An Iraq War veteran who plowed into a crosswalk intentionally targeted the victims based on their race and his belief they might be Muslim, Californian authorities say.
Isaiah Joel Peoples, 34, faces eight counts of attempted murder for injuring eight people, including four who remain hospitalized.
The most seriously injured is a 13-year-old Sunnyvale girl of South Asian descent who is in a coma with severe brain trauma, with part of her skull removed to relieve pressure.
Her father and brother were also hit Tuesday when police say Peoples drove intentionally into a crosswalk while on his way to Bible study.
Peoples is a former Army sharpshooter who was deployed to Iraq in 2005 and 2006.
He ‘showed no remorse’ after his car plowed at high speed into a group of people in a crosswalk on Tuesday evening in the Silicon Valley suburb of Sunnyvale before hitting a tree, Police Chief Phan Ngo said.
Four people remain hospitalized, including 51-year-old Ping Lu, who has multiple broken limbs. Also hospitalized is 32-year-old Marina Reimler, with a broken leg and arm.
A witness said he watched in horror as the black 2012 Toyota Corolla sped through a crosswalk between El Camino Real and Sunnyvale Saratoga Road at 6.40pm on Tuesday and bodies went flying.
‘I saw this woman fly through the air right in front of me. She flipped upside down and then fell right in front of my car,’ Don Draper said.
He marched over to Peoples’ car, which had swerved onto a sidewalk and crashed into a tree.
He said Peoples did not appear drunk but looked dazed and was mumbling over and over, ‘Thank you, Jesus. Thank you, Jesus.’
The police chief said Peoples had picked up food and was on his way to deliver it to his Bible study group.
‘When we took him into custody, he did not behave in any manner that would be considered bizarre,’ Ngo said. ‘He has not shown any remorse.’
In an interview with ABC News, his mother, Leevell Peoples, recounted how in 2015, Isaiah was walking barefoot in Sacramento, thinking he was still in Iraq, when he picked up a rock and through it through a window.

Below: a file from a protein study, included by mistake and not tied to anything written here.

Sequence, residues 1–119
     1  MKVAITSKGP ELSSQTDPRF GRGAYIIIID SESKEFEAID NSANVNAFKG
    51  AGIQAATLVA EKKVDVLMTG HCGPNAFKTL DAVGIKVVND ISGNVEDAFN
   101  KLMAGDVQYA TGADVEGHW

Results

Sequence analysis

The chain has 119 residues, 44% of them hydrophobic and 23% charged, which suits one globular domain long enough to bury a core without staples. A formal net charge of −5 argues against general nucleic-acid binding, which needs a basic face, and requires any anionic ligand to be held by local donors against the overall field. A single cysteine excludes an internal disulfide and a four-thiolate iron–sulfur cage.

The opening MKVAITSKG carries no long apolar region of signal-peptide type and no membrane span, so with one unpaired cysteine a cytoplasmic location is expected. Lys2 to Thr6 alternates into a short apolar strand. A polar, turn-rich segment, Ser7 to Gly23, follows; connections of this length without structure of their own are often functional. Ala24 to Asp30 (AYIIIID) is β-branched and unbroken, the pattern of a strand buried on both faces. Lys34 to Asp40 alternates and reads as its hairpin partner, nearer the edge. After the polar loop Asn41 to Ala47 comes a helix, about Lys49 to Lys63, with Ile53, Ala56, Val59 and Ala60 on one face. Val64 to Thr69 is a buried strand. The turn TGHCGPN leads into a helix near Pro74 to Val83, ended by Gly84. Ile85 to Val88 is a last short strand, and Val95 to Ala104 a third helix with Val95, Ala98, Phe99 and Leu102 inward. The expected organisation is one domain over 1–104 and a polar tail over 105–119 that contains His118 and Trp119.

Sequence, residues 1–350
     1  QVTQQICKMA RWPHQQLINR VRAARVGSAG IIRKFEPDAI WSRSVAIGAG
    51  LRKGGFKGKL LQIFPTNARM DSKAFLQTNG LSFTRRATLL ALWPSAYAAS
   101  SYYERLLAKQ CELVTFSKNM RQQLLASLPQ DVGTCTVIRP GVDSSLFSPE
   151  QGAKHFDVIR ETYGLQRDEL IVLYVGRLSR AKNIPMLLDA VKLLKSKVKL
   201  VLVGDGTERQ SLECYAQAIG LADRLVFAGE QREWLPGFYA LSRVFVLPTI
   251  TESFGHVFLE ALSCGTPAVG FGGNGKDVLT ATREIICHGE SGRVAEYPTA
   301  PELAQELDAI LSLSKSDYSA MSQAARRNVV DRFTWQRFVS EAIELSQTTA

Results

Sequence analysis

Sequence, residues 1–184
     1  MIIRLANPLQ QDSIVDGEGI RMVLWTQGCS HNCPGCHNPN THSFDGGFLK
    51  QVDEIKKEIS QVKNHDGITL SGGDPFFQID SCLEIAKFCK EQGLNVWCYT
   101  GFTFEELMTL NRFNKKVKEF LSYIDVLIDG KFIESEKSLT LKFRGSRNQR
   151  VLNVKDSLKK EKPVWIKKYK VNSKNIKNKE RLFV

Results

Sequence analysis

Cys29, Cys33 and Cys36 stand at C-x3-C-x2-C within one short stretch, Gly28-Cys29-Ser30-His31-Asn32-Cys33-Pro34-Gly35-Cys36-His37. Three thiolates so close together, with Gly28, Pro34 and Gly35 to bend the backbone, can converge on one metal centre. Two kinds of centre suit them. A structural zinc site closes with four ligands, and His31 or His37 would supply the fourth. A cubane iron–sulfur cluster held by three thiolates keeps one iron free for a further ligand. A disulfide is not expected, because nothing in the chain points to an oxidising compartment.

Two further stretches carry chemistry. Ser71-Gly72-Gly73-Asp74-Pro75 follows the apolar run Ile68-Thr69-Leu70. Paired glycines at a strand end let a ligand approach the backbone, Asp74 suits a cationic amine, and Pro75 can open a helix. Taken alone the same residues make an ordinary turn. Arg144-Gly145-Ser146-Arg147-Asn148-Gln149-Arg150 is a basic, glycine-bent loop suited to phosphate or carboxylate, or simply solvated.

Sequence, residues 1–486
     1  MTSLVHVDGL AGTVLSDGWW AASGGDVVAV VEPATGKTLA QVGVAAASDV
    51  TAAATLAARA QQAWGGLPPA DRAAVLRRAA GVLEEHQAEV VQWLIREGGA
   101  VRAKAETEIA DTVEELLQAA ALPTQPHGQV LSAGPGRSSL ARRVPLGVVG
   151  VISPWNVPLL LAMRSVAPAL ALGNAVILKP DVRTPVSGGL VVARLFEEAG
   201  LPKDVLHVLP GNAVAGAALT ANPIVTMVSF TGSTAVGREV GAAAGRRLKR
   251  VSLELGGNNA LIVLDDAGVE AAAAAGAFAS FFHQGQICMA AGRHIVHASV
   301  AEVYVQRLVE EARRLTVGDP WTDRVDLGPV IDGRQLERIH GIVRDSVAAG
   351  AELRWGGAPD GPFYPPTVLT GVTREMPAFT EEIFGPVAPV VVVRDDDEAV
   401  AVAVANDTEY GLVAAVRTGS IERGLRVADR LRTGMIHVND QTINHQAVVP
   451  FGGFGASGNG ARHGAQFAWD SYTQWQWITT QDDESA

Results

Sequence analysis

During his stay in a hospital, she said Isaiah asked an officer guarding him how many people were killed today and said that he heard gunshots.
After the episode, Leevell said her son went back on his medication.
‘Two weeks ago we were on the phone and I said, “Are you still taking your medication?” And he said, “Yes.” And I said, “Yeah, that’s good.” I said, “You have to take that the rest of your life now.” He said, “I know,”‘ she said.
In the days preceding the crash, the mother said her veteran son was having trouble at work. She also said that talk of his job performance would trigger his PTSD.
She said she last spoke to Isaiah just hours before he drove into the crowd and recalled that he did not sound upset.
Leevell argued that her son requires psychiatric treatment and does not belong in jail.
‘I know with 100 percent certainty that my son did not do that on purpose. No way ever,’ she said.
Her son graduated from Sacramento State University after returning from Iraq in 2007 and was working as an auditor for the Defense Department in nearby Mountain View, she said.
He’s been employed there since August 20, 2017, according to a local newspaper.
‘He basically probably has no friends but the people he works with,’ she said. ‘He’s an Army vet. He’s a good kid, never been arrested. I promise you: It was not deliberate. If anything, it was that Army.’
She said the Army forced her son to retire because of PTSD. Pentagon spokeswoman Lt. Col Carla Gleason confirmed that he retired from the Army.
His brother, Joshua Peoples, painted a similar portrait of his sibling as a ‘really good kid’ struggling with PTSD.
‘He’s always just trying to do good for himself,’ said Joshua, who speculated that his service overseas ‘messed up his mental health.’
Peoples served as a civil affairs specialist in the Army Reserve from March 2004 to July 2009 and attained the rank of sergeant, and he was deployed to Iraq from June 2005 to May 2006, according to another Pentagon spokesman, Lt. Col. Emanuel Ortiz.
Peoples was honorably discharged from the Army, and police were investigating the PTSD report, Ngo said.
Peoples had no criminal record and owned one weapon, a disassembled and inoperable shotgun that was in the trunk of his vehicle, according to the police chief.
Peoples’ former housemate Chuck Herrera described him as quiet – someone who had to be coaxed into going out for drinks or dinner. He said Peoples was kind to Herrera’s toddler son.
He recalls Peoples ‘always had a lot of pills’ and a cough.
‘The guy I met was not someone who you think will hurt someone,’ he said. ‘My guess is something happened.’